Bad debts down and earnings have improved National Australia Bank reports
Clydesdale Bank parent company National Australia Bank (NAB) is reporting an improvement in earnings from its UK subsidiaries.
NAB said in a market update today there has been an improvement in bad debt provisions linked to its UK operations - which includes Yorkshire Bank - and the UK business has reduced its operating expenses.
NAB announced it was undertaking a strategic review of its UK banking divisions in February of last year.
The Australian parent company reported its first annual loss last year, largely on losses from its UK operations.
Clydesdale Bank, in its full year results to September 30 2012, said underlying profits fell by £448 million, with the bulk of those losses stemming from “further deterioration in the commercial property market”.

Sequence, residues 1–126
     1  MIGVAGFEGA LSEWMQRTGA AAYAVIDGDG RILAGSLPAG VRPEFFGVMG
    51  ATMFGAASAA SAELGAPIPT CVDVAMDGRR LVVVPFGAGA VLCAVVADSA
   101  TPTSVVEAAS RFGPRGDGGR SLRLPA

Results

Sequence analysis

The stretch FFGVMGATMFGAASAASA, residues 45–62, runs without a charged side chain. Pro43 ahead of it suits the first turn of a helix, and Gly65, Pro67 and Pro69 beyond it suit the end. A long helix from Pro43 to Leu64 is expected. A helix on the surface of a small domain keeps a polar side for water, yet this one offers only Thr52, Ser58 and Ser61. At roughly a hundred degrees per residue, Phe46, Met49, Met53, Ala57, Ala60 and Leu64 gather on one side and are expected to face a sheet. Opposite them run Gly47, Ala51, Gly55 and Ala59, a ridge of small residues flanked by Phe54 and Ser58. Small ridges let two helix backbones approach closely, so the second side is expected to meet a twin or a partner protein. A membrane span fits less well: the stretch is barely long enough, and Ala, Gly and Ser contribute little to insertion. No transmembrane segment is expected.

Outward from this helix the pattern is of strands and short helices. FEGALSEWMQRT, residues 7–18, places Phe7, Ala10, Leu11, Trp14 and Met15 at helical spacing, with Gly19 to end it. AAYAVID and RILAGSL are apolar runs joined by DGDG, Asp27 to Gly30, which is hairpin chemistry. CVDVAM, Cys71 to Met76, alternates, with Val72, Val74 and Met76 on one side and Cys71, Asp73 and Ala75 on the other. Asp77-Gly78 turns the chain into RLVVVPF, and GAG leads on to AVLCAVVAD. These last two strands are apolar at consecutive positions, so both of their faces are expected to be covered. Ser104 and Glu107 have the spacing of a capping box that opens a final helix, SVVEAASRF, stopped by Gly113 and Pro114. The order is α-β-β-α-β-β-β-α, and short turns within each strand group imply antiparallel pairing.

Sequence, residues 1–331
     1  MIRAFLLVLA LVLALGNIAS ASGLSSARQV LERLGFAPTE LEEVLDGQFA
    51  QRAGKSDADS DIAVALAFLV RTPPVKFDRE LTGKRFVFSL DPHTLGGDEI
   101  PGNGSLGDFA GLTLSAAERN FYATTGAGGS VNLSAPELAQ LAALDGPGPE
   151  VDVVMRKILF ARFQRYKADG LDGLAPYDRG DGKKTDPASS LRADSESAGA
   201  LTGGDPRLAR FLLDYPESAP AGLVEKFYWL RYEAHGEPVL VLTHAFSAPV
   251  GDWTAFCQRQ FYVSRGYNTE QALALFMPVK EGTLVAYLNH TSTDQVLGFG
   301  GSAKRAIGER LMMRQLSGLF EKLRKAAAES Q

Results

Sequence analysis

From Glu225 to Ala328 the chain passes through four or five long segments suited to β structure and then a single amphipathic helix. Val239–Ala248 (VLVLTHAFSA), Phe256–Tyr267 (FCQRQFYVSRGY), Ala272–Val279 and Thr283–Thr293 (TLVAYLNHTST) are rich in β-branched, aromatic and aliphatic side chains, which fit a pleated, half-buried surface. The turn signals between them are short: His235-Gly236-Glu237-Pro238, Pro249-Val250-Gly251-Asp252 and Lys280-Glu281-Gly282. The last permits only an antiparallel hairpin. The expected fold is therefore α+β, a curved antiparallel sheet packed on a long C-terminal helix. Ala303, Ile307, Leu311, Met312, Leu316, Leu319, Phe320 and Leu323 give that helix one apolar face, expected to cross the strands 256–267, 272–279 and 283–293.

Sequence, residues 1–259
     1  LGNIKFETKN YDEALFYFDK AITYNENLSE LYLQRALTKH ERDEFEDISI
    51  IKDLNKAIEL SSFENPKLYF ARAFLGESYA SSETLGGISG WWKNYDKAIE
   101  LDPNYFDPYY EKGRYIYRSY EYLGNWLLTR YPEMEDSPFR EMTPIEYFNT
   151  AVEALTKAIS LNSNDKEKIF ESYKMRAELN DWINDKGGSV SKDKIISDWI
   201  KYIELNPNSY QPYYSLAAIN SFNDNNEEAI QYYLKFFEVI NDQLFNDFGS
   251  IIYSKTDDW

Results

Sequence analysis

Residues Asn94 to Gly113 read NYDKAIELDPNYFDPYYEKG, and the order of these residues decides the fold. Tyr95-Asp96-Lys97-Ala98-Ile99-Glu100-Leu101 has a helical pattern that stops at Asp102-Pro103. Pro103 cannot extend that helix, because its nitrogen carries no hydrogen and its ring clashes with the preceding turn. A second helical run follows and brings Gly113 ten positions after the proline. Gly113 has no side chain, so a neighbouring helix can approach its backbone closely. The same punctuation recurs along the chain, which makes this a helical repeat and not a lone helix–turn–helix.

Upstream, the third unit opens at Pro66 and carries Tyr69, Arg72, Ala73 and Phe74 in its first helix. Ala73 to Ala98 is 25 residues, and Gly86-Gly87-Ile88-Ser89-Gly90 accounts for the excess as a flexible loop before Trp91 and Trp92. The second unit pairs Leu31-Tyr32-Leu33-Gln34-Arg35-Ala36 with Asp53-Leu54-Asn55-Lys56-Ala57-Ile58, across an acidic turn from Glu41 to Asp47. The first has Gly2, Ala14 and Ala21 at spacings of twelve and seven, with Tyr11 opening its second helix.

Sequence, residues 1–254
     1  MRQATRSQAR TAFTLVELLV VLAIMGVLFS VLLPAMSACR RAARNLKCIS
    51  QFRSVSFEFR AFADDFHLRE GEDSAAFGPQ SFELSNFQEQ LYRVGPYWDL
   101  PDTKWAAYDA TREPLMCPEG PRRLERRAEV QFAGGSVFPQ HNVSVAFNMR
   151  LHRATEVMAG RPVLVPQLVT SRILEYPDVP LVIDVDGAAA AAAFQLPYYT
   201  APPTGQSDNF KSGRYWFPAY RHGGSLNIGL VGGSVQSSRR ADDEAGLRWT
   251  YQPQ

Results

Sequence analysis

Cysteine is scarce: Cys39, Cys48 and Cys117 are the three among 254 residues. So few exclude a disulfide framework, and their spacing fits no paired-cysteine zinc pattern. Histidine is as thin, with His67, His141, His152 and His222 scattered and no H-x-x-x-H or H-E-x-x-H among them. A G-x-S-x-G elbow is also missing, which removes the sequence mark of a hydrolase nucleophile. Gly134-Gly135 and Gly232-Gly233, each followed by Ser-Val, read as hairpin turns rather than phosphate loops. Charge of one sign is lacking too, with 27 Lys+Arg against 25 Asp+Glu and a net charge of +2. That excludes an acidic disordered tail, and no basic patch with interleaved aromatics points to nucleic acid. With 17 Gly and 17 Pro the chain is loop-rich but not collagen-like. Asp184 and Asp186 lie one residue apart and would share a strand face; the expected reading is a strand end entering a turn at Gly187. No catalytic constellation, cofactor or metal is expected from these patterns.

The Glasgow-based lender also reported a near 90 per cent rise in bad debts last year to £631 million, mostly on commercial property write downs.
In April, parent group NAB announced plans to cut 1,400 jobs by 2015 and would withdraw from commercial property lending, which accounts for 90 per cent of non-retail lending in the UK, to focus on consumer and small business lending.
And last October £5.6 billion in commercial real estate assets - before provisions - were transferred over to NAB, which Clydesdale described as being a “significant step in further strengthening our funding position as well as improving our balance sheet structure going forward”.
The Australian parent group said its first quarter earnings rose 3.6 per cent to around AUSD$1.45 billion (£956 million) in the first quarter.